Not all fire suppression systems have mandatory NFPA 12 requirements that have to be applied retroactively. Carbon dioxide (CO2) systems are one of the few, and they cannot be grandfathered in. Since 2008, NFPA 12 has added requirements like discharge delays, odorizers, lock-out valves and other equipment and signage. In this video, fire protection expert Lee Kaiser explains some of these mandatory features and upgrades that will make your fire suppression system safer.
CO2 Systems: Safety Upgrades, Designs, and Applications
Lee: "So the safety upgrades that I mentioned, in the 2008 edition of NFPA 12, the code-making committee for gaseous suppression systems realized that we're still killing too many people with CO2 discharges, and so they added a number of things to the code and made them now mandatory. So this is only one of the few mandatory requirements that I know about that's done in fire codes. Most of the time it's an improvement of the code and any new system has to follow it, but this is actually retroactive. So if you have an existing CO2 system, you have to go back and upgrade your system to meet these safety requirements, including adding lock-out valves. So on the discharge piping from the cylinders, you need to have a valve in the line that you can close and then lock out and tag out when you go into that occupied space, or normally unoccupied space if it's total flood and work in that environment.
NFPA 12 Mandatory Requirements
Discharge delays. These are mechanical delays that will give you some time to exit the space so that you can hear this other device, a mechanical pneumatic siren, so a siren that's run by the gas pressure that warns people inside that space that they need to exit and that that discharge delay will be done soon, and the gas will be coming into there.
Odorizers. Now, this is important. There's a good way to teach this for CO2. CO2 is odorless and colorless, so you can't see it necessarily coming into the space or know that it's there, so we add odorizers to a system to make them safer, and that's a mechanical device that injects a little bit of oil of wintergreen, so a mint smell, to the CO2 so you can smell it. You should be trained, if you work in that space, when you smell a mint smell, which is probably not common in the space that you're working, when you smell that mint smell you know to get out. If you don't get out, you're going to die a very minty death. So we don't want that to happen to anybody.
And then other equipment and signage. Those are some of the things.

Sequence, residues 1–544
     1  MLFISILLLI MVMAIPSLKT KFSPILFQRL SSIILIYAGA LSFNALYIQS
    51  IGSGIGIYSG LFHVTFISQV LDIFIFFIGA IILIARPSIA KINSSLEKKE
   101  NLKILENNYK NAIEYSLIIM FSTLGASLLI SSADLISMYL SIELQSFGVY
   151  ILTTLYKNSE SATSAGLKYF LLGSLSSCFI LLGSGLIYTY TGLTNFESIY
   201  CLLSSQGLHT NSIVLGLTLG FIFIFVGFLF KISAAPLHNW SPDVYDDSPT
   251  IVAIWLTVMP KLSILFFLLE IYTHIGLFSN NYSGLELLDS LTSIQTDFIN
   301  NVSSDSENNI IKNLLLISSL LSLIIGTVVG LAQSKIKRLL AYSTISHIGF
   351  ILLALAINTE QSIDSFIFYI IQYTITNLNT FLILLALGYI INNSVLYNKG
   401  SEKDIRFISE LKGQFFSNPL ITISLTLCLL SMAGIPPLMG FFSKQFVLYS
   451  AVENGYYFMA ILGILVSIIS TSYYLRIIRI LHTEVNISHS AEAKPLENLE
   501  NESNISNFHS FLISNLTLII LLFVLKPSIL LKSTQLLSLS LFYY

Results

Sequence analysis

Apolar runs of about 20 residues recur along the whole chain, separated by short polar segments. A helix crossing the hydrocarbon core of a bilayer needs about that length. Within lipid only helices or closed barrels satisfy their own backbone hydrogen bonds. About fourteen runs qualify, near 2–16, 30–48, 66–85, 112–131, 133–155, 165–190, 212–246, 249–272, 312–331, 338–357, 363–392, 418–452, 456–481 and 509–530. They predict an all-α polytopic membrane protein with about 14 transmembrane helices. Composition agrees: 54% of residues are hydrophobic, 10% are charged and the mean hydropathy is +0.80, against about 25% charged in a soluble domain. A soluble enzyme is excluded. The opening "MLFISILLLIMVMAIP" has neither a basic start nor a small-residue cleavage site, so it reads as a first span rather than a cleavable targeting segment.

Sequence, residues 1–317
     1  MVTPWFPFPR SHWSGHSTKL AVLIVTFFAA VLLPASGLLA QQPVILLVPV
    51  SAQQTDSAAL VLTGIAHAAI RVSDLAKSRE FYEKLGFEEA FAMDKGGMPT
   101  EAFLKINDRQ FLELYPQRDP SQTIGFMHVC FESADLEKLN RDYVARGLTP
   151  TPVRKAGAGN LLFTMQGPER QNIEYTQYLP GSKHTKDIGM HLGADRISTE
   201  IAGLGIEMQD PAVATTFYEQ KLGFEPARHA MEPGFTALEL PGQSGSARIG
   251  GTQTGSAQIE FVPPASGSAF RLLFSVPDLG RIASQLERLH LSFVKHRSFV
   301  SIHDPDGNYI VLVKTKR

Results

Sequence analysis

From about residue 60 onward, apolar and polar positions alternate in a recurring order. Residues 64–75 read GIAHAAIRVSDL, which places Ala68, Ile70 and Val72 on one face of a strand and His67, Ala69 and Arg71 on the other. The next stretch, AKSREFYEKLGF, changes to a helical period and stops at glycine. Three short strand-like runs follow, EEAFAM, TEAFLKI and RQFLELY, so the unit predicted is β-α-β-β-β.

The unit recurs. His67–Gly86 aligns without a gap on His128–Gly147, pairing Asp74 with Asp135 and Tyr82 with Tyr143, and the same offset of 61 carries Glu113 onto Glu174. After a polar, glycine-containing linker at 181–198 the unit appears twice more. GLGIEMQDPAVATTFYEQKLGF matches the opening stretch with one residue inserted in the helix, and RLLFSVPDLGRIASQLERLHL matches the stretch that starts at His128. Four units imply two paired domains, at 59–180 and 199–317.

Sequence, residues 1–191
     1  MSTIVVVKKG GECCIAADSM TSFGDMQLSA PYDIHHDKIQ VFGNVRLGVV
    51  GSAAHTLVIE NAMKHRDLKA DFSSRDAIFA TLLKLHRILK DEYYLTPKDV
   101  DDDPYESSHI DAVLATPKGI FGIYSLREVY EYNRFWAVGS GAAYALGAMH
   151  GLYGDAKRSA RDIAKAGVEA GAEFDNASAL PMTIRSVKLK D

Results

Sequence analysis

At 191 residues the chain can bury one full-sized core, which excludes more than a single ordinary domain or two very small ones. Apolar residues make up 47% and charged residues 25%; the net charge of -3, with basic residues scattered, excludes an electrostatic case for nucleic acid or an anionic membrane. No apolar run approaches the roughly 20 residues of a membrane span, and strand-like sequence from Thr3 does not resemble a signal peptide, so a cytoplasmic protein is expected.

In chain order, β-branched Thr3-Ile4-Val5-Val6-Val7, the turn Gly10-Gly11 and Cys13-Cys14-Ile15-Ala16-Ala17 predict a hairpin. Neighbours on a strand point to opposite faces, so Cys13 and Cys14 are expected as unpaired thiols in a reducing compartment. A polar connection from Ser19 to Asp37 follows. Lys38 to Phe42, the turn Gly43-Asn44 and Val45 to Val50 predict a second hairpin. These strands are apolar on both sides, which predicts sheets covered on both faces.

Compliance is Important
Now, how do you think the industry has done with going back and retrofitting systems? Good? No, not very good. So this is old information, but it's frankly good to bring up again to keep the awareness high that when you encounter a CO2 system or you're a user of CO2 and you don't see some of these things on your system, you need to go back and do that just to keep your system safe, or make it as safe as possible, because we still lose a couple people every year due to CO2 discharges.
Some of the available designs, total flooding. CO2 systems are one of the only systems that we can use for deep-seated fires, so when bulk material where the fire can be buried down in or burn long enough to get buried down in, we can use a CO2 system to attack that type of fire. A good example of that would be coal bins at a power plant. If I've got a coal silo full of coal. It's just moving into the power plant. If it sits long enough it can self-heat and combust inside of there, and so once the coal catches on fire, one of the only ways to put it out is with a CO2 system, so we'll inject CO2 low in the silo and high, and it will fill that volume and soak into the coal, and it can extinguish that type of fire. So that's what a deep-seated fire example for that. It deals well with uncloseable openings and even forced ventilation. If you can't shut off the HVAC or a fan or something like that, we can deal with that in the CO2 system.
Used for local application, for leaky spaces, we can do extended discharge systems. Some applications, flammable storage rooms. We use them a lot in power generation for turbines and generators, machinery rooms, steel production, printing presses, just a number of different applications for CO2 systems."